As the Lipitor case shows, drugmakers frequently offer “rebates” to PBMs in exchange for favored status on their formularies. Some percentage of those savings is typically passed on to companies that buy the plan, but contract terms between PBMs and employers—unavailable to the public—vary widely. According to letters released by the Pharmacists United for Truth and Transparency, a group of mostly independent pharmacists who feel squeezed by PBMs, Pfizer is offering benefit managers rebates on brand-name Lipitor (in one case, amounting to $47 for a 30-day supply) to undersell its generic competitors. In exchange, participating PBMs are offering Lipitor to their customers for a copay of just $10; in some cases, the PBMs won’t accept generic prescriptions at all. Other terms of the deals are unclear, but industry critics say that Pfizer may have offered further financial inducements; a company spokesman declined to comment on the details of its contracts with the PBMs.

For a number of reasons, these deals may be better for Pfizer and the PBMs than for employers and consumers. Pfizer spokesman MacKay Jimeson said the company’s goal is to “help patients who want to stay on Lipitor have access to the brand.” The contracts, however, may serve to reduce patients’ choices by removing generic substitutes from a PBM’s formulary. That could be an especially expensive decision if, during these deals’ six-month duration, generic manufacturers lower their prices. The deals also increase the likelihood that Pfizer will retain market share even after the six months are up. Patients who ask their doctors specifically for Lipitor are likely to keep refilling that prescription for an entire year, even if prices for generics plunge as other competitors enter the market, according to Susan Hayes of Pharmacy Outcomes Specialists, an industry consultant.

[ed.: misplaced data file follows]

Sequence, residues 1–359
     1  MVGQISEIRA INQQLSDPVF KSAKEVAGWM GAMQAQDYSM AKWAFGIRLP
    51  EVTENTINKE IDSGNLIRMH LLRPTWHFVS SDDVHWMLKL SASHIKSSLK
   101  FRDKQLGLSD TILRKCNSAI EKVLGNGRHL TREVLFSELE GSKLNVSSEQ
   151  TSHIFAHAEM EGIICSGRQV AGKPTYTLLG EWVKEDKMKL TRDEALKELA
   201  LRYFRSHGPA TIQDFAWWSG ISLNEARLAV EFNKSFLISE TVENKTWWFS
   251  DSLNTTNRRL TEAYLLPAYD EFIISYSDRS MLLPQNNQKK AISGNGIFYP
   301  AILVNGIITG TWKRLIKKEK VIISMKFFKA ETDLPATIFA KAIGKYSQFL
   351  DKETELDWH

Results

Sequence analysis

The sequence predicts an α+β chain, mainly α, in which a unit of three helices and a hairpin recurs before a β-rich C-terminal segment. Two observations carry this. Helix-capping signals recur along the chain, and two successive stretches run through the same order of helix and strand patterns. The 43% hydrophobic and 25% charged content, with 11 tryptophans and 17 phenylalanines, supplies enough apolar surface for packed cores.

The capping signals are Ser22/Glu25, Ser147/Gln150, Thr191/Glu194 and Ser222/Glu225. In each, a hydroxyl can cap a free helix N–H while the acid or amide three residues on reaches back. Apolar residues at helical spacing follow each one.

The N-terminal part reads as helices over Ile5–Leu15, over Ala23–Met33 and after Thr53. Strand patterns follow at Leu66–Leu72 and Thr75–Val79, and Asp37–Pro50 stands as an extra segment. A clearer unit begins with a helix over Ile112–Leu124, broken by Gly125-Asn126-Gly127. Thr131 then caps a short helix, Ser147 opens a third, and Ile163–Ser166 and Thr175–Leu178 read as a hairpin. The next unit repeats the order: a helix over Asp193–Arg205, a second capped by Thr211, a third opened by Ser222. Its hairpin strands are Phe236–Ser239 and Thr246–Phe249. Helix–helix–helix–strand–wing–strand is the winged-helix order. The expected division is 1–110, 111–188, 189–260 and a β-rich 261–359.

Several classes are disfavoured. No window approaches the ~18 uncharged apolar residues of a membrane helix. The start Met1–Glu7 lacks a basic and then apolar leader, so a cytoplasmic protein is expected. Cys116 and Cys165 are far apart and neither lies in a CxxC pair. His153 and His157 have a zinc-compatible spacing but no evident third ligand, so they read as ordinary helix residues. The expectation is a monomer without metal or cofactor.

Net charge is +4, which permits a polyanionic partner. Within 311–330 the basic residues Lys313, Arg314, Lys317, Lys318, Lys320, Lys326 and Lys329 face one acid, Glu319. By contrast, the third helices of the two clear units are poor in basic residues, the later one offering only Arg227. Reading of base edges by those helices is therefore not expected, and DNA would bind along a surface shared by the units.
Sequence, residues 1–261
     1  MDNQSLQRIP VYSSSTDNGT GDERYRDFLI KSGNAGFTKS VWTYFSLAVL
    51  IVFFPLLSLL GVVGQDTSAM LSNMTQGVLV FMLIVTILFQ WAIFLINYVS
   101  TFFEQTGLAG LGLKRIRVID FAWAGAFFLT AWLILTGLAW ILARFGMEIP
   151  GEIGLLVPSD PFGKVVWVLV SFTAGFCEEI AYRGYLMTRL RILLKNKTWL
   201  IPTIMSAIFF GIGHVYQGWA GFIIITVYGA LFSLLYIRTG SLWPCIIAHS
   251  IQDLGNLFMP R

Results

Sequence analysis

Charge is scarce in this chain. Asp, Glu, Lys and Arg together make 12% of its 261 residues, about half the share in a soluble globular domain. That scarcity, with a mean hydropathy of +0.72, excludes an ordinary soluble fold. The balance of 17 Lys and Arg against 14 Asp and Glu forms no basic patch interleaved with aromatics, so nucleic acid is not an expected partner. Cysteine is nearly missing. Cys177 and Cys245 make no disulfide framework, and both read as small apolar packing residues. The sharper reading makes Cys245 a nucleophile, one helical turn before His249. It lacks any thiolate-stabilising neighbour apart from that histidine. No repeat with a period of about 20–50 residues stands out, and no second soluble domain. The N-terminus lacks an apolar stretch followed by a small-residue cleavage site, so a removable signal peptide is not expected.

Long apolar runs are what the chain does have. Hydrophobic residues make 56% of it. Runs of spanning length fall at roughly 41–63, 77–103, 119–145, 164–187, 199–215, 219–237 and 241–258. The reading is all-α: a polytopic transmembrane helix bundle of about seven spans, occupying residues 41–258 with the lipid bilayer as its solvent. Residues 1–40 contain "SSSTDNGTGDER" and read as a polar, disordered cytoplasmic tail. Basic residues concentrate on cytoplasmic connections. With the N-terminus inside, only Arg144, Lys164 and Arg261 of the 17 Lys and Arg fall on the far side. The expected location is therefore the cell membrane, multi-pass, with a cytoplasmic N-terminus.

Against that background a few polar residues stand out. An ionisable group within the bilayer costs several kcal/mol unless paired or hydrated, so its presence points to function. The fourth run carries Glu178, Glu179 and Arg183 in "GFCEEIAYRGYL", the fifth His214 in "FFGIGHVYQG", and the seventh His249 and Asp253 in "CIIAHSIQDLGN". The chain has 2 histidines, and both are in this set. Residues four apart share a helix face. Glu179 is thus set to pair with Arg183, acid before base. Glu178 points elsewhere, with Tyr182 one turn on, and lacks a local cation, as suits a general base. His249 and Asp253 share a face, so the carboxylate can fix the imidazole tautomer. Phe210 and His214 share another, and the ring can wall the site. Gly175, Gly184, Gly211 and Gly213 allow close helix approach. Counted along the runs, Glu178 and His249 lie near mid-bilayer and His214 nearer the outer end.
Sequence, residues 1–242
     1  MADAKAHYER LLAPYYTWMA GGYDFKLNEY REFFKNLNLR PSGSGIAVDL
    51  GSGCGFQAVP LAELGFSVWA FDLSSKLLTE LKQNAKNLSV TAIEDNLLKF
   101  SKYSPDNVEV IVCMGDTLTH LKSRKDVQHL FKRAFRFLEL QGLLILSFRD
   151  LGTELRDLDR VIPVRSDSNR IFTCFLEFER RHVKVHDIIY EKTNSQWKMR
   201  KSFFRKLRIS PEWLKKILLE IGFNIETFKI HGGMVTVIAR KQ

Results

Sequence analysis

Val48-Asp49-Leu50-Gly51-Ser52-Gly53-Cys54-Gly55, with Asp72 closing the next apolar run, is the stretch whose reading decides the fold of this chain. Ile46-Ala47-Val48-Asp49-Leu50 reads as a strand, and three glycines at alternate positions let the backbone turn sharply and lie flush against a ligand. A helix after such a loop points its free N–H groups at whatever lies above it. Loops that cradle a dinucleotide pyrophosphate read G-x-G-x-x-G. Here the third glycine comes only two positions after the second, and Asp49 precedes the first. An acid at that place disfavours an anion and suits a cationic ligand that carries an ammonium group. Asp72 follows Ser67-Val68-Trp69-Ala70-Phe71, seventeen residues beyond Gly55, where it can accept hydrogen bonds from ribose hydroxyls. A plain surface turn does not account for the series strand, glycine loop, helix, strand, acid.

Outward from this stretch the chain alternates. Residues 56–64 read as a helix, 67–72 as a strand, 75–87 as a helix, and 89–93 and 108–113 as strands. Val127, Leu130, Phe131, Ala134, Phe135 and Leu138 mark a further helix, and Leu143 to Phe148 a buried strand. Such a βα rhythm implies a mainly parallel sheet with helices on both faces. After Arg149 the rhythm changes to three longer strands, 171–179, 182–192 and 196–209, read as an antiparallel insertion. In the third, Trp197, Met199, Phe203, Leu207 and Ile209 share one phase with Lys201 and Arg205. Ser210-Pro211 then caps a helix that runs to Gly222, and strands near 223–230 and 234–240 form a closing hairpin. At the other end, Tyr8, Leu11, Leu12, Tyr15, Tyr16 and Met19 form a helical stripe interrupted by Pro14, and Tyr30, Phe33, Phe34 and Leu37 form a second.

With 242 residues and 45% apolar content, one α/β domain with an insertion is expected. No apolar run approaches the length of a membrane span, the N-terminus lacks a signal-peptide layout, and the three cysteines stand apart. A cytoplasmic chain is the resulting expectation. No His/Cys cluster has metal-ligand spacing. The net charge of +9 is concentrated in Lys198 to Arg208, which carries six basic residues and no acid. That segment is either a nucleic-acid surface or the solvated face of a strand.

The strategy may also raise legal questions. By removing generics from their formularies, several pharmacy consultants said, PBMs may run afoul of state laws that require pharmacists to offer generics whenever available. Geoffrey Joyce, who teaches pharmaceutical economics at the University of Southern California, reported that an FTC official phoned him to make inquiries.

Traditionally, PBMs have championed generic drugs, which enable them to lower costs and expand their business. But they look for savings wherever they can, said Mark Merritt, president of the Pharmaceutical Care Management Association trade group. He predicted that brand-name drug manufacturers will probably become increasingly competitive to keep market share after their drug loses its patent protection. The companies and the health plans that hire them, he noted, are sophisticated purchasers who know how to cut a shrewd deal.

 

When it comes to deals between pharmaceutical companies and PBMs that pit a brand-name drug against a generic, “this is the only one that is happening right now,” Meritt said. “But it could be a harbinger of things to come.”

This article appears in the December 3, 2011 edition of National Journal Magazine.